Asian ministers decide to pool foreign reserves


Sun, May 06, 2007 - Page 11

Finance ministers from 13 Asian nations agreed to pool part of their US$2.7 trillion of foreign-exchange reserves to prevent a repeat of the crisis that depleted the region's holdings 10 years ago.

"We unanimously agreed in principle that a self-managed reserve pooling arrangement" is appropriate, Japan's Koji Omi, China's Jin Renqing (金人慶) and South Korea's Kwon Okyu and ministers from Southeast Asia said in a statement in Kyoto yesterday. Countries in the region face the challenge of "greater financial market volatilities."

Asian governments want to avoid having to rely on institutions like the International Monetary Fund, which forced them to adopt harsh economic policies in return for bailouts during the 1997-'98 financial crisis. The ministers haven't decided how the plan will work, how much money will be involved, or set a date for when it will start, saying it needs more study.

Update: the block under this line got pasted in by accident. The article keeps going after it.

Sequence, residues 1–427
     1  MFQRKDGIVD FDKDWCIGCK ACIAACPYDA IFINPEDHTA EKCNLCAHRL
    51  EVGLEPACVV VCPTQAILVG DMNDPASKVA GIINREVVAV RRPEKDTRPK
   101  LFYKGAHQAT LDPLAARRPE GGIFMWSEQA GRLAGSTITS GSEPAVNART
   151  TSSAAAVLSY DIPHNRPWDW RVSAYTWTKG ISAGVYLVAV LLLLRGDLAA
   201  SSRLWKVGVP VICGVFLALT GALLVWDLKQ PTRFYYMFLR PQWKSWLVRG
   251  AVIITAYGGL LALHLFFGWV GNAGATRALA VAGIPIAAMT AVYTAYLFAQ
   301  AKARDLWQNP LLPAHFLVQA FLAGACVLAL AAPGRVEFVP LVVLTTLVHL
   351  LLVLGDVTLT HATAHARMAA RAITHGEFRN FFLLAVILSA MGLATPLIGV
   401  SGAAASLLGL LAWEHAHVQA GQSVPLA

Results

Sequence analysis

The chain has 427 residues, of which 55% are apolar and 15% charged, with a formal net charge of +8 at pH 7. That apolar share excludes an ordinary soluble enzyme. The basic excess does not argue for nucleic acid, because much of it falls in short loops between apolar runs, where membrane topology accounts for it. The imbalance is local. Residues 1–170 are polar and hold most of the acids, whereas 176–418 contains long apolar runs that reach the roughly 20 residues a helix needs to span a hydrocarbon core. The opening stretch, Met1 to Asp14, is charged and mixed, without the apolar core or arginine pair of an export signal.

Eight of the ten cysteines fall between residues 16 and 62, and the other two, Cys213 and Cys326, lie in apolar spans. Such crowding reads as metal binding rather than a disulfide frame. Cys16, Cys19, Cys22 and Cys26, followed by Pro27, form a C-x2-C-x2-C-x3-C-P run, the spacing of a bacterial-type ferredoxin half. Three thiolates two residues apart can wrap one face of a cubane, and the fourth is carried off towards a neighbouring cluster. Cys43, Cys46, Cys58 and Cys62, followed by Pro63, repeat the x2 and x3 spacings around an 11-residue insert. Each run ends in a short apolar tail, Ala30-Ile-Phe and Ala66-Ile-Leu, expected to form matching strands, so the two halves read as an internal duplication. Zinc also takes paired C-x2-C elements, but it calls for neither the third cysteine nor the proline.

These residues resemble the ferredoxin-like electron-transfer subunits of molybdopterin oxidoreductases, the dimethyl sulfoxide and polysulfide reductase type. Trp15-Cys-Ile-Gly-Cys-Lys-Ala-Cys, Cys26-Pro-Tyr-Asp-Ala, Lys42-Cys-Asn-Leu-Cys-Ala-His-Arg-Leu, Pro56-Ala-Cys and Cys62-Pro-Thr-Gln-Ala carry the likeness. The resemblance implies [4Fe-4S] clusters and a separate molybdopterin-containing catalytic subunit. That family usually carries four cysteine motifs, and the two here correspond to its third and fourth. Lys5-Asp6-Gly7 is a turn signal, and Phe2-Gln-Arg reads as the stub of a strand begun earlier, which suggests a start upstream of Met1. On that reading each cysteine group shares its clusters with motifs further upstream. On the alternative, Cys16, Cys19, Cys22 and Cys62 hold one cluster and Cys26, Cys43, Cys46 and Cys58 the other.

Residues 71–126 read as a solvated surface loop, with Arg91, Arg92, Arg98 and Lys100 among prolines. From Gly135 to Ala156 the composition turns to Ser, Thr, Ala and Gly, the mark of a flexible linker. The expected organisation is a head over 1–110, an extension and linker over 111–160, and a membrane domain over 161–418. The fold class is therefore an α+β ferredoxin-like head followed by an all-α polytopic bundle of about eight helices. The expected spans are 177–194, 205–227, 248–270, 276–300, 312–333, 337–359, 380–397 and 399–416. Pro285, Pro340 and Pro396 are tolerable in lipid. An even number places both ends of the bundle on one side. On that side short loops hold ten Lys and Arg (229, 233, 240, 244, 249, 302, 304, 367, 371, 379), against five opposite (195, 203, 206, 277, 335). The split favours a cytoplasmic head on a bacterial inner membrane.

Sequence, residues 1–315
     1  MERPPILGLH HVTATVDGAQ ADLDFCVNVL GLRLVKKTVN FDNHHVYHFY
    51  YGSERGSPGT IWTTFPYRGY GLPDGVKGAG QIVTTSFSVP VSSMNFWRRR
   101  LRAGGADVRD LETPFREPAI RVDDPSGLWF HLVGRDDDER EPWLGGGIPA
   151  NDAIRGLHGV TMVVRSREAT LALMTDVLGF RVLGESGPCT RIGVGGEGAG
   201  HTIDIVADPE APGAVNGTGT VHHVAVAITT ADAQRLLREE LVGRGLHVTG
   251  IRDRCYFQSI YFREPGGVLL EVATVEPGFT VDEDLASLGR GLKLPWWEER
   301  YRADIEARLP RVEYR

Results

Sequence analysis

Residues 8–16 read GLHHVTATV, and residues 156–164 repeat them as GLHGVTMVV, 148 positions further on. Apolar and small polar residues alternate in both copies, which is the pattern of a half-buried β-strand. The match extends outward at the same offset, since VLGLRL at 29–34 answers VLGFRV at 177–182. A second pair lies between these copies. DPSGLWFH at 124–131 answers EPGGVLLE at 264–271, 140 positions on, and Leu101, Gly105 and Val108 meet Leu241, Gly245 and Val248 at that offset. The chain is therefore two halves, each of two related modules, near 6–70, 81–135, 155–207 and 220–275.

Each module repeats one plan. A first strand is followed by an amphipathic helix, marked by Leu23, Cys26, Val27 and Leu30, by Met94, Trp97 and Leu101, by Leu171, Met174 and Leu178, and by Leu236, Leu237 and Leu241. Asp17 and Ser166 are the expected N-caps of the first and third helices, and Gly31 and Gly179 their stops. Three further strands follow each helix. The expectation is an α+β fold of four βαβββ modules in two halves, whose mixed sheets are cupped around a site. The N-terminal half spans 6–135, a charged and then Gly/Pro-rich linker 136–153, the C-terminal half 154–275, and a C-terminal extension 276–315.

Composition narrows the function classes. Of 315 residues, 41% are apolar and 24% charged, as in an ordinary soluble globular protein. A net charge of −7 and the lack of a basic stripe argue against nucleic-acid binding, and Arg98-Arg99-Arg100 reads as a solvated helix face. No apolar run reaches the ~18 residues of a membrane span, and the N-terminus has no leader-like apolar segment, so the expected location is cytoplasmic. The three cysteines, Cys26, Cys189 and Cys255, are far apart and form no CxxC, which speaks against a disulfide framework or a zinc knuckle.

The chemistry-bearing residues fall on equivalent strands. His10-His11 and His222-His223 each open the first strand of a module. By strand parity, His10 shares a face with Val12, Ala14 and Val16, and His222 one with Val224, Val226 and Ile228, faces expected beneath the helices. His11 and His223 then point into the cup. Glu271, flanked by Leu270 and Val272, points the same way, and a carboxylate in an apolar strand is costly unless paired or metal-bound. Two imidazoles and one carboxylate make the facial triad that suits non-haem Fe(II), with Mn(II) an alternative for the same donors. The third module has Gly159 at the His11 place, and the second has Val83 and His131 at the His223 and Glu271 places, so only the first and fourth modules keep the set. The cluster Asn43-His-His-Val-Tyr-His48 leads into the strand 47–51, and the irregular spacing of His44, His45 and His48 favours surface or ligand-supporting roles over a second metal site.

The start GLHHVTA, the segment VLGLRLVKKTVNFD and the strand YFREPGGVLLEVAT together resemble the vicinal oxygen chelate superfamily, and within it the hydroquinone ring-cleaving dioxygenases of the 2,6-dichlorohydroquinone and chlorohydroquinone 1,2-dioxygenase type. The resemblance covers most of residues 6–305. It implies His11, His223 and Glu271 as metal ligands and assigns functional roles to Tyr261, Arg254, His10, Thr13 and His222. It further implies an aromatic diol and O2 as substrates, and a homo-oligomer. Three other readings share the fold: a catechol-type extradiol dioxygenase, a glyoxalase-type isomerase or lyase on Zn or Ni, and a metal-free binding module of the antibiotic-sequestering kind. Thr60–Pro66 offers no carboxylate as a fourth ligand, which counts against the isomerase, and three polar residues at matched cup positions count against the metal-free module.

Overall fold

This is "just the latest of a number of regional initiatives which have promised great things but then fizzled out," said Mark Williams, an economist at London-based Capital Economics. It's hard to argue the move is "anything more than a symbolic step."

A year ago, ministers from the same countries said in Hyderabad, India, that they would study the creation of an index of the region's currencies as a precursor to forming a single currency sometime in the future. The ministers meet each year on the sidelines of the Asian Development Bank annual gathering.

"A relatively modest proposal for a currency index comprising a weighted basket of regional currencies has been bogged down in wrangling," Williams said. Officials from the ADB now agree the proposal of a single currency is "many decades from being viable," he added.

The finance ministers yesterday agreed to expand on an arrangement established in 2000 in Chiang Mai, Thailand, whereby pairs of nations would lend each other money at favorable terms if help is needed to support their exchange rates.

The total amount of country-to-country currency swaps available will be increased to US$80 billion from US$75 billion, the ministers said Saturday.

The ministers didn't make much headway on plans to develop an Asian bond market, saying only that they had agreed on setting "clear deliverables to move forward," the statement read.